4. Andrew Benintendi
The Yankees are also interested in bringing back Andrew Benintendi, who played only 33 games with the team after the trade deadline due to a broken hamate bone that required surgery. He didn’t make it back in time for the postseason run, which undoubtedly affected the Yankees’ ability to be more competitive. The plan was to have Benny leading off, so when Judge’s run as the leadoff man was over, the lineup was in flux.
There’s a need in left field (and for general outfield depth anyway), so Benintendi has a good chance to return, especially after Cashman echoed that sentiment on Friday.
3. Luis Severino
Luis Severino is coming back. Cashman said the team is picking up his $15 million team option for the 2023 season. It’s a no-brainer after the right-hander went 7-3 with a 3.18 ERA, 3.70 FIP, 1.00 WHIP and 112 strikeouts in 19 starts (102 innings). He’s on here because that’s not official yet. Covering all the bases.
2. Anthony Rizzo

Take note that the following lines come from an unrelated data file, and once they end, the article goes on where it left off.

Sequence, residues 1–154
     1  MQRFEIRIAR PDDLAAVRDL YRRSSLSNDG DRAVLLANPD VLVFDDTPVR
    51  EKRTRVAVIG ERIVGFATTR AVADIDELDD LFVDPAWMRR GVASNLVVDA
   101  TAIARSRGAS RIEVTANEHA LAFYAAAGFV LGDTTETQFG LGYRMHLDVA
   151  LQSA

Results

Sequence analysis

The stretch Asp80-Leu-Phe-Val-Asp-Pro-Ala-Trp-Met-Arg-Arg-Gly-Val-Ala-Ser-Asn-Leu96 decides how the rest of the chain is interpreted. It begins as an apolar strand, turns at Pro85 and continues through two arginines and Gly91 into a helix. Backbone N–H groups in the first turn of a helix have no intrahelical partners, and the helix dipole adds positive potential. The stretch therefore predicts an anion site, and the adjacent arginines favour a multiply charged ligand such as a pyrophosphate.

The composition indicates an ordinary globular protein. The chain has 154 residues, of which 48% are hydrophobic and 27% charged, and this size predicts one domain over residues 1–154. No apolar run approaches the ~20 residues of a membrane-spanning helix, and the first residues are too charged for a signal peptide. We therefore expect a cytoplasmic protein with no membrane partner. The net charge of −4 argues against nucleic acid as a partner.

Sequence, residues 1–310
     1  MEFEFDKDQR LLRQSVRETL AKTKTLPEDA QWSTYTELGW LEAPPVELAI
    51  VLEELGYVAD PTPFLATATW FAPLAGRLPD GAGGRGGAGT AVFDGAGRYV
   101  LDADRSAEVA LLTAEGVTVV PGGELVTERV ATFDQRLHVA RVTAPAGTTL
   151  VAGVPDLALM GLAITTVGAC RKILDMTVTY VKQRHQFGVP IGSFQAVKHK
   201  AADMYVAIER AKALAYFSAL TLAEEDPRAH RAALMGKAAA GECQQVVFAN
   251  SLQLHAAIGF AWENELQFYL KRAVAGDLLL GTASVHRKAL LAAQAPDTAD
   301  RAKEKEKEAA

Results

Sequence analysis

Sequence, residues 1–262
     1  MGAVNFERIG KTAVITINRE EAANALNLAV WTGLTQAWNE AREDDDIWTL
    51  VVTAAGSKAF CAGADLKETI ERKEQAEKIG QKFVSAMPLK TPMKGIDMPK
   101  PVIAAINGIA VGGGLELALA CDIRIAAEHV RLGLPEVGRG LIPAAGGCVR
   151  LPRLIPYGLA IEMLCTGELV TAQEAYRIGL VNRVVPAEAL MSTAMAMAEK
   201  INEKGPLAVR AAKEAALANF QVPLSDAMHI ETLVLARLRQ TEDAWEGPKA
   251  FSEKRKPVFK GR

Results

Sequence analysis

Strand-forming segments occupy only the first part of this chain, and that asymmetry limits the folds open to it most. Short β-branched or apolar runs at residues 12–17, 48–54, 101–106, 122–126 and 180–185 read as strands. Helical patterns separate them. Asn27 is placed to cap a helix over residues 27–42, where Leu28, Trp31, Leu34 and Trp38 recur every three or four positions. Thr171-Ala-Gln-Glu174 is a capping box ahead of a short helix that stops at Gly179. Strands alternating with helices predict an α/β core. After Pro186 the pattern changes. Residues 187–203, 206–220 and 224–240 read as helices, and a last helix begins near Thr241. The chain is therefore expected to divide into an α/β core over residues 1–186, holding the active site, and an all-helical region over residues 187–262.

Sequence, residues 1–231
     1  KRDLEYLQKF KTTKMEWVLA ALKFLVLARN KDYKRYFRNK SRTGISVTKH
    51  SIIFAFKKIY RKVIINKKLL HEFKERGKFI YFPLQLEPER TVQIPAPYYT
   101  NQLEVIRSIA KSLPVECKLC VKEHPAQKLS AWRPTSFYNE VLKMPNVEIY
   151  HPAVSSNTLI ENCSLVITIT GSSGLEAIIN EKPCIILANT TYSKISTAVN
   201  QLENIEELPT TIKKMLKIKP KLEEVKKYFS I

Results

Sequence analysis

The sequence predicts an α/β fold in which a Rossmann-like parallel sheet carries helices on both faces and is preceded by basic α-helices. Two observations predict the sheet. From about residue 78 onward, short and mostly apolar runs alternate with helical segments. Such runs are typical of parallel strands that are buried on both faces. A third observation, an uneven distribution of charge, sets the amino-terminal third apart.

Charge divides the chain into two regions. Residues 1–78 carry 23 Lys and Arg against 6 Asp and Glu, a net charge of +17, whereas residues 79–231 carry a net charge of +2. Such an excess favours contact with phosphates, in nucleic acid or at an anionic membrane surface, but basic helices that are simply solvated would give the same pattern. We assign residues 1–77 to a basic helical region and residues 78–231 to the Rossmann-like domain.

Anthony Rizzo is likely to opt out of his deal ($16 million player option for the 2023 season), as reported by The Athletic. No surprise. Yankees fans knew it was going to happen unless Rizzo suffered an injury or had a terrible offensive campaign.
But he provided stable defense at first and tied a career high with 32 home runs. In 130 games, he slashed .224/.338/.480 with a 131 OPS+. It was his best season since 2019. Cashman also reiterated the Yankees will be engaged with him if he opts out as the goal is to bring him back alongside his best bud …
1. Aaron Judge
Not sure you need the rundown here. Aaron Judge needs to be paid. Everybody in the world knows that. He just put together one of the 25 best offensive seasons in history and set a new AL home run record with 62 blasts. The last two years, he’s been the Yankees only constant force on both sides of the ball. He’s one of the most valuable players in the league, even when he was missing time with injuries from 2018-2020.
The “problem” is he’s entering his age-31 season and there’s a “risk” with a long-term deal. Sadly, it doesn’t matter what it takes. The Yankees can’t lose him unless they want to tear down the operation and kiss millions upon millions of dollars in revenue goodbye.
The price is going up even when he’s not playing.